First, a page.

Coming Out As Dalit – A Memoir written by Yashica Dutt is a wonderful book of the authoress who has come out in open with her Dalit identity after years of hiding it. I am not going to review the book. The book has not only been written from the heart but after a lot of research. There are happenings from her personal life, which are also contained in the book, and have a relevance to the problems Dalit societies face. I belong to the Dalit community. What I am going to do is going to pick some lines from the book, and relate it to the happenings in my life.
The authoress in one of the portions of the book states that Dalits who fearlessly come out with their identity offend upper castes the most. She hits the top gear right at the beginning of the book, and there is no slowing down in exposing the caste predators.
It took me almost 25 years of existence to come out with my identity as a Dalit, and after that I too had nothing to hide. The authoress came out with her identity because of Rohit Vehumla, and I did it because I realised that no matter how much of a Hindu I tried to be, I was always a low caste, and in the context of independent India, a freeloader.
Caste is Ubiquitous
Ask any Dalit who has worked for the Government, who was as efficient as his upper-caste peers, with an interest in progressing his career, he will bet his last pie to vouch for this thought.
Hiding Caste Identities
We are living in the times of lockdown to contain the spread of COVID-19 virus. We are required to wear masks when we come outside to not contract this disease. Dalits will never find this difficult because for the better part of their lives they wear a mask of an upper caste person to avoid being ostracised.
My father was polemical to hiding our caste identity but wanted his children to grow outside the earmarked Dalit areas of Bangalore. To be fair, most house owners never asked us about our caste except one who insisted that we should not cook non-vegetarian food. Our economic condition did not allow us to regularly consume non-vegetarian food, but my parents went heads over heels to comply with this condition. Possibly ashamed of being born as Dalits, my parents avoided all those things that could reveal our caste. Over a period we performed poojas, marriages, funerals, and festivals befitting an upper caste. We were indirectly acknowledging that the Dalit customs were inferior.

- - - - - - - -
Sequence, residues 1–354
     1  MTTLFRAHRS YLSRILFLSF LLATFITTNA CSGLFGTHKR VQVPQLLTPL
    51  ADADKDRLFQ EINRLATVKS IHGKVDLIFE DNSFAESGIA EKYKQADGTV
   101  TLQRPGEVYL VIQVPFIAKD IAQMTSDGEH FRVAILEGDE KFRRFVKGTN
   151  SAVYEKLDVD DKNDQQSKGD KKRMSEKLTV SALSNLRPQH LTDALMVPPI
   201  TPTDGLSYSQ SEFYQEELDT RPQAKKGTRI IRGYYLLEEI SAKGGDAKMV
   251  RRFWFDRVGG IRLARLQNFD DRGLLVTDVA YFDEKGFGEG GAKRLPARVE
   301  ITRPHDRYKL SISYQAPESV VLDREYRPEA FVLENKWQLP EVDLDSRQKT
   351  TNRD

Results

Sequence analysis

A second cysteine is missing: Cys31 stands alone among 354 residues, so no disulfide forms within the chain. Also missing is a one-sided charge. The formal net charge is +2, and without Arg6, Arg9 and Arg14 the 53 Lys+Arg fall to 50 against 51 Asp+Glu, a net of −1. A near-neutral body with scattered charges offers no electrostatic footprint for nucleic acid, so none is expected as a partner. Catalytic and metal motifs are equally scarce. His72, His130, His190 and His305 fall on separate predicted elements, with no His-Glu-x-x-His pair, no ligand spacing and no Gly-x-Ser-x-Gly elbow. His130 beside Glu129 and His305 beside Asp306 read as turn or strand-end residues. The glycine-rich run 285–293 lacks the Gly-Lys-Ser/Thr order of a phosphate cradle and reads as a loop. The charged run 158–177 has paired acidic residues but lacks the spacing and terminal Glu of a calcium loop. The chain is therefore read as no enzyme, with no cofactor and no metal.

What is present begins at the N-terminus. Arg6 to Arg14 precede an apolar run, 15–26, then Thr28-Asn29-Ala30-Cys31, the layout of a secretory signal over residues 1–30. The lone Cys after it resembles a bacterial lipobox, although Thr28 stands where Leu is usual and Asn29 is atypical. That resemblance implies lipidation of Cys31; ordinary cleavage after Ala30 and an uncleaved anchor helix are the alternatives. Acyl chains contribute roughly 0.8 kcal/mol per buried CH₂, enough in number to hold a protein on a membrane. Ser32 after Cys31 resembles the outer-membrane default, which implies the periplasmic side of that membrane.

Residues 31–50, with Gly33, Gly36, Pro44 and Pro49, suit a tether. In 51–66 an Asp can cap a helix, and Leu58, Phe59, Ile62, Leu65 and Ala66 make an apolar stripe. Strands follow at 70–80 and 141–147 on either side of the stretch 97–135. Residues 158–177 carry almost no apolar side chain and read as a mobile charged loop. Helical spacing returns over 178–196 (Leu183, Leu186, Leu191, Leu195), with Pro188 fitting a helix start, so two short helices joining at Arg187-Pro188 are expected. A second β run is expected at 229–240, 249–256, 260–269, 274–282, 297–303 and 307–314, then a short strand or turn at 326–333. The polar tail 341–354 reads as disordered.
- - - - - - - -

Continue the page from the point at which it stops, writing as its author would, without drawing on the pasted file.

How do Dalit legends and ultra-legends hide their caste identities?
Dalits try to hide their caste identities but legends do it by ridiculing Dalits, and even by criticising the move of Babasaheb to provide reservations to Dalits. They even label the acts of successive Governments to extend reservation as a regressive step.
The ultra legends are the ones who say that castes no longer exist in the society. Over the past few years, the Government has made it mandatory to celebrate the birth anniversary of Dr B R Ambedkar in a befitting manner, and the ultra legends who work in Government offices ensure that they don’t turn up for this function.
However, when it comes to claiming reservation in promotion, or quarters allotment, or getting relief from being reprimanded for indifferent work/corruption, or getting medical/engineering seat for children, or BDA residential site allotment, they will swear about their being a dalit on the Manu Smrithi itself.
My brother also works for the Government, and he is a Dalit Ninja Warrior. Wish I could insert a sound clip of him in this blog describing such bilious masqueraders. Many in Government service have used their Dalit identity to get promotions, get elected to lucrative employee cooperative societies, and when they reach the helm trample the Dalits working under them. They are more upper caste than upper-caste themselves.
I prominently display a photograph of Dr BR Ambedkar on my desk ever since I entered Government service. The aforesaid masqueraders have advised me to remove it to avoid the wrath of the management. I did not pay heed to it, and till date my table contains an image of Babasaheb.
Embracing Vegetarianism in to-to or selectively